Imprecision the decisive factor in Leeds United's Championship throwback against Aston Villa - Graham Smyth's Verdict
IT started like the kind of game Leeds United love and ended like the kind they loathe, but that isn’t why they lost.
Aston Villa took an early lead, went defensive in the second half and set out to nullify the Whites’ threats and reduce the space they had to work with, but that isn’t why they lost.
The pitch that they spent £300,000 to resurface was yet again as treacherous as Planet Ice and played a part in the goal that separated the teams, but that isn’t why Leeds lost.
And referee Peter Bankes might have struggled to nail the time wasting earlier than he did and could have sent Matt Targett off for a second yellow card, but that also isn’t why they lost.
They lost because, as is often the case when a team sits deep and sets Leeds the challenge of breaking them down, they dominated possession and didn’t do enough with it.
Imprecision, was how Marcelo Bielsa put it.
It wasn’t that he didn’t credit Villa for their defensive stoutness, he just believed that Leeds’ own actions were more to blame for the defeat.
The final ball was lacking in quality and so all the time they spent on the ball in Villa’s half of the pitch in a one-sided second half came to nought.
Fittingly enough against a team with whom they developed a mutual dislike in the second tier, it was a bit of a throwback to frustrating games in the Championship, although in most of those Leeds missing golden chances was the chief cause of collective ire.
This game didn’t even have many of those.
A first half that for the very first time in the Premier League didn’t feature Jack Harrison in the starting line-up for reasons other than contractual ones, at least provided a little entertainment.
The pitch played more than its part, almost creating a goal for Leeds and then assisting Villa’s fifth-minute winner.
Patrick Bamford appeared to be picking up where he left off against Villa, running at the defence inside a minute, cutting onto his trusty left foot and shooting, only for his feet to give way beneath him, sending the shot towards Raphinha at the back post who strained in vain to make contact.
An almost identical situation at the other end of the pitch decided the game.
Ollie Watkins shaped to shoot and keeled over, the shot becoming a perfect through ball from which an onside and pleasantly surprised Anwar El Ghazi found himself alone and able to beat Illan Meslier.
Buoyed by his early success against his former head coach’s side, the winger went on a shooting spree, drawing Meslier into a pair of saves and sending another effort wide of goal - Villa did not initially set out to spoil this game.
Yet as Leeds grew into the fixture, it must have started to feel familiar.
Diego Llorente, a couple of theatrical moments aside, was showing physicality alongside Liam Cooper and giving Ollie Watkins next to nothing.
He was getting on the ball to good effect too and starting attacks that allowed Raphinha to begin working his magic.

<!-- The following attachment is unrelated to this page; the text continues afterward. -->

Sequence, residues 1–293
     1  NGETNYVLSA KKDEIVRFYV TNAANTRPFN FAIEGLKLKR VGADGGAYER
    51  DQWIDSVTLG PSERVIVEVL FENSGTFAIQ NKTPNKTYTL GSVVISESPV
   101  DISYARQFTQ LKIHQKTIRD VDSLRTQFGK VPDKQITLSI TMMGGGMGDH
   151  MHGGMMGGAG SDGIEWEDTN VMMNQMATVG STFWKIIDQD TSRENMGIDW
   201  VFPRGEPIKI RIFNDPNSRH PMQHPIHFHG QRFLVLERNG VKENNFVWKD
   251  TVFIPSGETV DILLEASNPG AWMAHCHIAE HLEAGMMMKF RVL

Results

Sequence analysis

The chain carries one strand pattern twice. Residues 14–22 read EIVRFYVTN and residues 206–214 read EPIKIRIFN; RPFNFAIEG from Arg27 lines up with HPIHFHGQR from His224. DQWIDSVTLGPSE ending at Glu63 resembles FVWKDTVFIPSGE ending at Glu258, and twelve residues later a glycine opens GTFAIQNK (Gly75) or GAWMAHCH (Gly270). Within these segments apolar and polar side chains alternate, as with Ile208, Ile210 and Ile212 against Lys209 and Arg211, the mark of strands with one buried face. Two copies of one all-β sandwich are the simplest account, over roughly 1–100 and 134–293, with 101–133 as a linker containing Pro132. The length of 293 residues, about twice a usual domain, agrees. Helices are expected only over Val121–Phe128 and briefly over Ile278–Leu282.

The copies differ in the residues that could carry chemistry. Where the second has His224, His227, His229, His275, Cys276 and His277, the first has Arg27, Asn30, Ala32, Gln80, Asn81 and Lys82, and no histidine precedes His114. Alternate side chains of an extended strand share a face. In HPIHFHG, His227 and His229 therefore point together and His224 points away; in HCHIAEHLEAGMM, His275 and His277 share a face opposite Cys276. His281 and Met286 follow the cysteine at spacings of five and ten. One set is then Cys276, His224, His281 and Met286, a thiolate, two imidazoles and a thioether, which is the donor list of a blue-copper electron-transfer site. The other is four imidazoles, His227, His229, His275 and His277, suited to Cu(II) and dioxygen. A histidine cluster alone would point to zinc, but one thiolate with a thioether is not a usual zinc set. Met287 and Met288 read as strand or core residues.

His first dribble turned John McGinn inside out and Villa were fortunate to concede no more than a corner.
Tyler Roberts, who had already drawn a smart save from Emiliano Martínez, blasted over the top when found by Llorente’s no-look pass.
It was all half chances after that but with the game open enough to suggest more danger in the second half, Smith and Villa pulled up the drawbridge.
Keeping in mind the 3-0 second half beating they sustained at Villa Park at the hands of a rampant Leeds earlier this season, when Bielsa’s men were at their very best, there was no shame in falling back into a low block and becoming hard to beat.
That wasn’t the main issue for Leeds. The real problem was that they were nothing like the best version of themselves.
Helder Costa, given a rare start in place of Harrison, was unable to get into the game to make a noticeable impact.
Roberts struggled to make the ball stick and Klich couldn’t find passes that would hurt Villa.
Even Raphinha lost his sparkle, Leeds unable to get past men or run in behind, being squeezed by a very organised, disciplined defensive structure.
Everything had to come from deep and against solid, safety-first pair Marvelous Nakamba and Tyrone Mings, crosses were being dealt with.
Through balls didn’t fare much better.
White shirts were crowded out if they gained possession within shooting distance of goal.
Frustration crept in and made the game even scrappier and more niggly, Roberts’ spat with Targett earning them both a yellow card before Klich fouled the breaking El Ghazi to join them in the book.
The Pole was, like Targett, fortunate not to see red from later fouls, which did little to ingratiate Bankes with either side.
Pablo Hernandez, on for Roberts, had a shot deflected wide from distance and Klich sent one well over the top as Leeds huffed and puffed and Villa took every opportunity to run the clock down, as was their right.
Had Raphinha headed home Leeds’ one real chance of the second half, from substitute Jack Harrison’s excellent cross to the back post, it would have been a pretty ending to a pig of a game for Leeds.
Instead, the Brazilian was as imprecise with his header as the Whites were with the vast majority of their final third work.
And that is why they lost.
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Thank you Laura Collins